The decision came amid assertions prison authorities were simply trying to cover up the horrific treatment meted out to Ashley Smith that was captured on video.
In a ruling that took about an hour to decide, Divisional Court Justice Joan Lax dismissed the stay motion.
Correctional Service Canada asked for the emergency halt to the much-delayed inquest to give it time to get the courts to review a ruling by the presiding coroner that the videos should be public.
The videos at issue show, among other things, guards duct-taping Smith to an airplane seat, and forcibly injecting her with "chemical restraints" against her will.
Lawyer Julian Falconer, who speaks for Smith's family, accused the government of trying to put a lid on videos that document some of the abuse she suffered.
"I insist on Correctional Services being called an abuser," Falconer told Lax.
Falconer called the images "central" to understanding Smith's state of mind.
"This case is really about Correctional Service Canada taking all conceivable steps so that certain videos don't make it to the public record," he said.
Smith's family — with backing from presiding coroner Dr. John Carlisle — wants to use the tapes in support of a broader inquest that includes how she was treated in prisons outside Ontario.
In arguing the stay, Correctional Service said the videos have not yet been put into evidence and so should stay out of the public eye until such time as that happens to avoid any tainting of the jury pool.
Corrections lawyer Joel Robichaud also said lawyers had undertaken not to release the materials, and doing so could jeopardize future co-operation between the department and coroners.
Carlisle is expected to announce Thursday that the inquest will resume on Oct. 31.
Earlier in the day, Carlisle reluctantly adjourned the inquest pending the outcome of the emergency stay motion.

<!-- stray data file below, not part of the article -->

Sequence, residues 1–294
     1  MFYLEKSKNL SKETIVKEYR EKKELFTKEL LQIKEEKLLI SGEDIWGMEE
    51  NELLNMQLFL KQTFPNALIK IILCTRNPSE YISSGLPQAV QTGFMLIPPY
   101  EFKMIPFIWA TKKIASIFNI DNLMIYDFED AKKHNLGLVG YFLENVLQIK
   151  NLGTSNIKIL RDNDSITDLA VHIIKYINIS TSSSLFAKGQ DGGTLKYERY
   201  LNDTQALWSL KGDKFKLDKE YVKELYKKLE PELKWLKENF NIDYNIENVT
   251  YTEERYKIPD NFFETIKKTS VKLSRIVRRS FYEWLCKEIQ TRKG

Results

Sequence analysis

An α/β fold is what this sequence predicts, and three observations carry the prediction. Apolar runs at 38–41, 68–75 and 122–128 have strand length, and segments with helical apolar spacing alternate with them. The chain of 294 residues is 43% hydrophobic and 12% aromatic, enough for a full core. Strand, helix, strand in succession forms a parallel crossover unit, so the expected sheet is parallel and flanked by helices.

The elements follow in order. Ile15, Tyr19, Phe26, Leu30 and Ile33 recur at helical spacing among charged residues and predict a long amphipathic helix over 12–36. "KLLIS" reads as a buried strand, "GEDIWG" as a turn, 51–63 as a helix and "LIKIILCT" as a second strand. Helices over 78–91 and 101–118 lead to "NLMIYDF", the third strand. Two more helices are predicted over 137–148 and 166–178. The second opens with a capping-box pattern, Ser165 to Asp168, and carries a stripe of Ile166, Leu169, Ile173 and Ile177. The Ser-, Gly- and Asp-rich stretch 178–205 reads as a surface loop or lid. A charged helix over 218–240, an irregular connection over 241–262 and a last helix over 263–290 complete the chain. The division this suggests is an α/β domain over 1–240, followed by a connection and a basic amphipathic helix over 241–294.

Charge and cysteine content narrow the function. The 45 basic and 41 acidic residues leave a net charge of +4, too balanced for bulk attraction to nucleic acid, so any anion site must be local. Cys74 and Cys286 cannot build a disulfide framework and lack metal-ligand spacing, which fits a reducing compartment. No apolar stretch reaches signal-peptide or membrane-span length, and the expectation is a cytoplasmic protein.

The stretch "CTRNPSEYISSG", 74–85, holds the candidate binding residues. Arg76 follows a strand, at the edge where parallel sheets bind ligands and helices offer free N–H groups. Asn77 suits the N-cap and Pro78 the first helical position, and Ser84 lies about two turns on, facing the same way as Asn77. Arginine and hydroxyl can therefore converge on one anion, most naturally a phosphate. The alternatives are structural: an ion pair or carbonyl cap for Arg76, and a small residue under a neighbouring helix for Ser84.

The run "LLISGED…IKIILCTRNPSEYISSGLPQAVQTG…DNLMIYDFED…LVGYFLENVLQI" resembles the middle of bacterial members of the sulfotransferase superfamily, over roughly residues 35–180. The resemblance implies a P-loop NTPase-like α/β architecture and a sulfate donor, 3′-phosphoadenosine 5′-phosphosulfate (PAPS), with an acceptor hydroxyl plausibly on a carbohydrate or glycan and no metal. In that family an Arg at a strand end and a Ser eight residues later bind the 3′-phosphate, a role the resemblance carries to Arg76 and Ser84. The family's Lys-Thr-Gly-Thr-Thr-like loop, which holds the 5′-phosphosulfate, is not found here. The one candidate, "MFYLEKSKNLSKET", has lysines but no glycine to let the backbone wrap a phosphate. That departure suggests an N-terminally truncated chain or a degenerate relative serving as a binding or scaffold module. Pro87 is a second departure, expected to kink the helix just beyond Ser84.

The lawyers — about 20 of them — then rushed down the several blocks to divisional court.
Lax initially appeared puzzled as to how she could decide the motion without proper documentation — an indication of the last-ditch government scrambling.
"I don't have anything," Lax said, fingering the few pieces of paper before her.
"What do counsel suggest I do? I don't have a lot of information here."
Five years ago, as guards looked on, Smith, 19, of Moncton, N.B., choked to death in her cell in Kitchener, Ont., after repeated episodes of self-harm.
She spent her final year in solitary confinement, shunted 17 times among nine different prisons in five provinces with little treatment for her mental illness.
The video issue came to the fore because a handful of doctors — backed by Correctional Service — are challenging the scope of the inquest, arguing Carlisle has no jurisdiction outside the province.
The arguments on focus were to begin on Tuesday, but the government held up proceedings as it sought suppression of the footage even though Ontario's highest court had previously ruled a video showing Smith dying could be aired publicly.
Carlisle rejected the request and ordered the hearing to proceed, with the expectation the videos would be screened.
"I can do no better than adopt his reasons," Lax said in her decision.
The lawyers, who had arrived at coroner's court Wednesday morning expecting to make substantive arguments on the scope of the inquest, were furious at the government's tactics.
"What is happening today is essentially bullying," said Allison Thornton, lawyer for the Canadian Civil Liberties Association.
The last-minute moves "border on contempt," fumed Richard Macklin, lawyer for Ontario's child advocate.
Vic Toews, public safety minister, had little to say about his department's tactics.
"We expect the coroner's inquest will examine the facts and close the book on what has been a tragic incident," Julie Carmichael, his spokeswoman said.
"We express our condolences to the family of Ms. Smith."
Don Head, the Correctional Service commissioner, who has called Smith's duct-taping a "major problem" but has not been available to comment, is expected to be called as a witness.
An inquest jury was scheduled to start hearing evidence Jan. 14, 2013 and Carlisle deplored any delay, saying the inquest was "designed to save lives."
A report this week showed that the number of inmates hurting themselves in Canadian prisons has almost tripled in the last five years, with women disproportionately represented.Suggest a correction